• U.S.

ARMY & NAVY: Odious & Disgusting

5 minute read

Just a year after V-E day, the U.S. Army’s reputation in Europe—once as bright and shining as a liberator’s sword—had disintegrated into disrepute. Last week General Joseph McNarney, commander of all U.S. troops in the European Theater, finally cracked the whip of discipline on the Army of Occupation in Germany (see below). But the situation which called for this action had been worsening for a long time. In the Christian Century, the Rev. Renwick C. Kennedy, an ex-Army chaplain now returned to his pastorate at Camden, Ala. after 20 months in Europe, told the U.S. some sad truths about the occupying U.S. soldier:

“Taking him by & large, making all the allowances for him that you can, he is more than a little pathetic. . . . He is not very clear in his own mind about why he fought, nor about what his victory means. As a matter of fact, he is not much interested in such matters. . . .

“His interests are more primitive. They are chiefly three: 1) to find a German woman and sleep with her; 2) to buy or steal a bottle of cognac and get stinking drunk; 3) to go home.*

“There he stands in his bulging clothes, fat, overfed, lonely, a bit wistful, seeing little, understanding less—the Conqueror, with a chocolate bar in one pocket and a package of cigarets in the other. . . . The chocolate bar and the cigarets are about all that he, the Conqueror, has to give the conquered. . . .

“The average American in Europe was not a bad guy. … He fought bravely. He died by the thousands. … He was generous to both Allied and enemy people. . . . Yet he was a failure as a propaganda agent for democracy, for the American way of life and for himself as an individual. . . .”

The Barbarians. “His attitude was superiority…. It is incredible how naive and stupid he often was, though he never knew it; men judging whole populations by the few harlots, drunks and black marketeers they met; men from tenant farmer cabins in the South scoffing at the rock houses of European peasants . . . illiterates from Brooklyn, Texas and Los Angeles deriding the mellow folkways of ancient European communities. …

“They did not learn much . . . they did not feel there was much to be learned…. It never occurred to them that many Englishmen, Frenchmen and Germans soon came to look upon them as uncouth barbarians. . . .

“The conduct of the average soldier … was at the least noisy and boisterous. At the worst it was criminal. The average was odious and disgusting.

“The G.I..(and officer) considered any young woman fair prey, and did not hesitate to make a pass at her. He chased women openly all over Europe, not merely professionals but any woman. … It was also a heavy drinking army…. He drank not with discretion and good manners, but like a beast. . . .

“Possibly the most irksome thing of all to Europeans was simply the gross bad manners of the Americans. Soldiers expressed their violent, ill-informed opinions of a people, a country, a city, in loud voices anywhere. . . .

“From England to Germany they have had enough of the Americans. It is not that they actually hate us. It is merely that they have had to put up with so much from us. … We have been so loud, so boisterous, so crude and often so obnoxious that they will be glad to see the last American soldier leave. . . .

“The Army did little to control the conduct of its soldiers…. But the individual soldier must bear most of the blame. He lacked the character and pride to make a good showing for himself, his army and his country. . . .”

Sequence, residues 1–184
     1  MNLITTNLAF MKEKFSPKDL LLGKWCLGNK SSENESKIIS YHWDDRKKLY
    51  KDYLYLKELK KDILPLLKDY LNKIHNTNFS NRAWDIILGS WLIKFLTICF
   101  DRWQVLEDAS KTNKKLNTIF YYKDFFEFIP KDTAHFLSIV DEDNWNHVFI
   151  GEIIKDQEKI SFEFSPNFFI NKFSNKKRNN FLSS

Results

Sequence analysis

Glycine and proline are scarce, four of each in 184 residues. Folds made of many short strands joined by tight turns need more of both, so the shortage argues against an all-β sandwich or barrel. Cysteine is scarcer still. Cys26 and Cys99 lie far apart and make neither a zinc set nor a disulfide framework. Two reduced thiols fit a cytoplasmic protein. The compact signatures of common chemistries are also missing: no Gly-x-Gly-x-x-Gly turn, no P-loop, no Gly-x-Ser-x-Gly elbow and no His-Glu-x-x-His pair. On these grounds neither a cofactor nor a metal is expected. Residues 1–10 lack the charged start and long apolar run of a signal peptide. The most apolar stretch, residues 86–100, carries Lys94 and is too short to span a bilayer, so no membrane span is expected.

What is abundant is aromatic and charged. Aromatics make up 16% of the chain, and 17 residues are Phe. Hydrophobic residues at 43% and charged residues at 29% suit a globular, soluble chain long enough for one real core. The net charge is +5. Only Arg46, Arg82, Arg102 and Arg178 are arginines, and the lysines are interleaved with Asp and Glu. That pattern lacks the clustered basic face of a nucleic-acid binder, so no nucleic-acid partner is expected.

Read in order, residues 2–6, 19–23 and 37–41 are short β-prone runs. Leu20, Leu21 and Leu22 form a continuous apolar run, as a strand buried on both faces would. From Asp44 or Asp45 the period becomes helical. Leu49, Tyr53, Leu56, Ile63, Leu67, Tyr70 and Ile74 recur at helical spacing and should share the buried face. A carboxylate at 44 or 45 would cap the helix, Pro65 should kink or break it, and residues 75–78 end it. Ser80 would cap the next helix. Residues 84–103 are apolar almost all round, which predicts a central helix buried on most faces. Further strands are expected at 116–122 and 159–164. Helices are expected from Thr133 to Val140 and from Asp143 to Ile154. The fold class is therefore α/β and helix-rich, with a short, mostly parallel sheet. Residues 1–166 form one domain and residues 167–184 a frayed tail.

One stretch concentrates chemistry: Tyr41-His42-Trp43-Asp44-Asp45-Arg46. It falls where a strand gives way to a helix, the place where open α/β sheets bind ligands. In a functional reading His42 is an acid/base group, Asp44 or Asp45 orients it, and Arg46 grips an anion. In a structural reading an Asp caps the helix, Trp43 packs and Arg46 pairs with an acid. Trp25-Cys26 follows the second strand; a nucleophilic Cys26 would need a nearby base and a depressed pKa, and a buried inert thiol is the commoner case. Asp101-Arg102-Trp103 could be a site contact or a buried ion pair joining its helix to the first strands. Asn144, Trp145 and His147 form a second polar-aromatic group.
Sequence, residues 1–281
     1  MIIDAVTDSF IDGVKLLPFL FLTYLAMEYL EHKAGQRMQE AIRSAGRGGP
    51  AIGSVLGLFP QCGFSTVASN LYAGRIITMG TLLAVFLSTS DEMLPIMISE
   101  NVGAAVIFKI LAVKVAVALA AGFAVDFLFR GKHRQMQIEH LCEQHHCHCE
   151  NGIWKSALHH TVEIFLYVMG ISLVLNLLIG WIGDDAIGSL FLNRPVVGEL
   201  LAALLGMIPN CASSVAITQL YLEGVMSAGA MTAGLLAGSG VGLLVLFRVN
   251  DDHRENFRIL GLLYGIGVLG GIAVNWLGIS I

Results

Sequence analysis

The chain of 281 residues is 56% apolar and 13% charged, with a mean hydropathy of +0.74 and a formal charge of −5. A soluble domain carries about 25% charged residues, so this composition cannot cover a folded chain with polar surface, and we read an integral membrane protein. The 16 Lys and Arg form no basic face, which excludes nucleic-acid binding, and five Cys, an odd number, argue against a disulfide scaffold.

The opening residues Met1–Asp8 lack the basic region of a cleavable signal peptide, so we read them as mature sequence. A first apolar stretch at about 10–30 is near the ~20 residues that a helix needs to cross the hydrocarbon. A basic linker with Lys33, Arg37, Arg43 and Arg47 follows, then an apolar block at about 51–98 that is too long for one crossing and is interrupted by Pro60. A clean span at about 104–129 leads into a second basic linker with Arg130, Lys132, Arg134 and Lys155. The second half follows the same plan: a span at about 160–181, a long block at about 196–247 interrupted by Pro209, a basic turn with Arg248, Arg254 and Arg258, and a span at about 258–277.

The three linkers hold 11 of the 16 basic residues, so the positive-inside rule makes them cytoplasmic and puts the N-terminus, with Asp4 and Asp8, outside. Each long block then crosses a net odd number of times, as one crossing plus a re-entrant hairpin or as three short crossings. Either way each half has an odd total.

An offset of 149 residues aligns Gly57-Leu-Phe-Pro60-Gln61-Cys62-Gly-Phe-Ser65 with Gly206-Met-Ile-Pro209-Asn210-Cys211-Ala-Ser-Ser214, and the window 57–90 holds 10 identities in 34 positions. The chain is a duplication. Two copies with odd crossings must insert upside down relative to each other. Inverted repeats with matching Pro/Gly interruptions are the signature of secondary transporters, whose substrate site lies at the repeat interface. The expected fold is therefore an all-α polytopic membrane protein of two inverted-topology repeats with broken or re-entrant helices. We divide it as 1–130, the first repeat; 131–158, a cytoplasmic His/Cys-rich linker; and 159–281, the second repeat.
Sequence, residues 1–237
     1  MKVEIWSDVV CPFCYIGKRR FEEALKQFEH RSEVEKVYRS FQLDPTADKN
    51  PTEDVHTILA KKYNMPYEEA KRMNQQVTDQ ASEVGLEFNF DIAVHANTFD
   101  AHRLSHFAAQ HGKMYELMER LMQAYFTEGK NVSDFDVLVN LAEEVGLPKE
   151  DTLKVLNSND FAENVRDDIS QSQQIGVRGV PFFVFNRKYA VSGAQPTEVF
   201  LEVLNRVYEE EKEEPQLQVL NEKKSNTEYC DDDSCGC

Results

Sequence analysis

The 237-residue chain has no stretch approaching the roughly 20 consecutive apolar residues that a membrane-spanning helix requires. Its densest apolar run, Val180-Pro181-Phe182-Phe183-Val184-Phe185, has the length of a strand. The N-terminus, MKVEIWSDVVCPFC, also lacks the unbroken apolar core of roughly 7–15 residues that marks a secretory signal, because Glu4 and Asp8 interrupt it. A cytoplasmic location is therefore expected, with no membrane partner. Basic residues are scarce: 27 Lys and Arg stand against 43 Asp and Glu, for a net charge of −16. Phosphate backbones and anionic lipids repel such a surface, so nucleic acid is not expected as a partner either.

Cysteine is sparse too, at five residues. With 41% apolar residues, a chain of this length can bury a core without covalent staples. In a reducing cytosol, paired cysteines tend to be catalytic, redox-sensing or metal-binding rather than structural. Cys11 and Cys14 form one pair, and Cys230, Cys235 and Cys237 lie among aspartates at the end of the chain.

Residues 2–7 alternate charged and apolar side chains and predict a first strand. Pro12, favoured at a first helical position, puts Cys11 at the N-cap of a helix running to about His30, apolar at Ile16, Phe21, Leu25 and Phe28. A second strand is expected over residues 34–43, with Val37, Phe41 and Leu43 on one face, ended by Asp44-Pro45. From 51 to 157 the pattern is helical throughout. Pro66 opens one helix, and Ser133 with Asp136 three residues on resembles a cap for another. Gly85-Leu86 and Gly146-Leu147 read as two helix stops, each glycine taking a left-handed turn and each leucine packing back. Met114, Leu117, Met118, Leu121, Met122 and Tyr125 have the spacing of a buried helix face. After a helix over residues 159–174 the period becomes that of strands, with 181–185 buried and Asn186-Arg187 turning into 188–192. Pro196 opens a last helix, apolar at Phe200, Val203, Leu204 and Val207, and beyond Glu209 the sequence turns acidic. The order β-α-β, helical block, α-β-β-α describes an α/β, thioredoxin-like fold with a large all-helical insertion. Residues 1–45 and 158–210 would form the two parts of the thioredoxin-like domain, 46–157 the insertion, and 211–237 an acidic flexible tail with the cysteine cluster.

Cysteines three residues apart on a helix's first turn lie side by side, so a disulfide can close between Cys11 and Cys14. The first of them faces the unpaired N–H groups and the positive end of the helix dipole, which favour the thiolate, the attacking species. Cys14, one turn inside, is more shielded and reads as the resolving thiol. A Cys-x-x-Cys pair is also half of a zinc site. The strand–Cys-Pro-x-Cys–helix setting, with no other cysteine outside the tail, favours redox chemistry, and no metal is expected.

Mission Misunderstood

Pastor Kennedy’s pitiless report (see above) was not the only evidence of the deterioration of the U.S. Army in Europe.

Black marketeering had grown from a small-time racket to a wholesale business. Venereal disease had reached near-epidemic proportions (as high as 427 per 1,009 in some areas). The number of AWOLs had skyrocketed. Disrespect for authority was rampant.

In Paris last week three G.I. prisoners escaped from a detention barracks, vowed to shoot all MPs on sight. They were recaptured only after a running gun battle in which a French civilian was killed. In Frankfurt, Army headquarters prepared special armbands for U.S. wives, to protect them from the unsoldierly wolf calls showered on German women.

General Joseph T. McNarney’s remedy was a tightening of discipline all along the line. He ordered new training programs, to cut down off-duty time, an 11 p.m. curfew for all soldiers whose previous conduct did not entitle them to late passes. To replace unofficial “clubs,” he directed an expanded Army program of recreation, sports, travel and education. MPs were ordered to better their liaison with German police, to move in fast when U.S. soldiers became involved with German civilians. Not all of the Army needed that kind of medicine. The majority was making the best of a job it did not want and did not understand. The flagrant misbehavior of a noisy minority wrote the headlines. But most G.I.s and officers still did not understand that they had a mission in Europe or that their impact on the liberated and the conquered was crucially important.

Going Down

Fearful of being hoist with their own petard, U.S. scientists and military men who developed the atomic bomb have begun to seek a haven where no other power’s atomic bombs can penetrate. There was only one direction they could go—down. This week, from Carlsbad, N.M. to Howe Caverns, N.Y., experts of the “underground sites committee” were set to go peering around stalactites and stalagmites in search of impregnable hideaways, for communication centers, factories and aircraft hangars. Elsewhere, they would have to dig their own caves.

*The order of preference, according to New York Timesman Raymond Daniell: 1) money, 2) women; 3) liquor.

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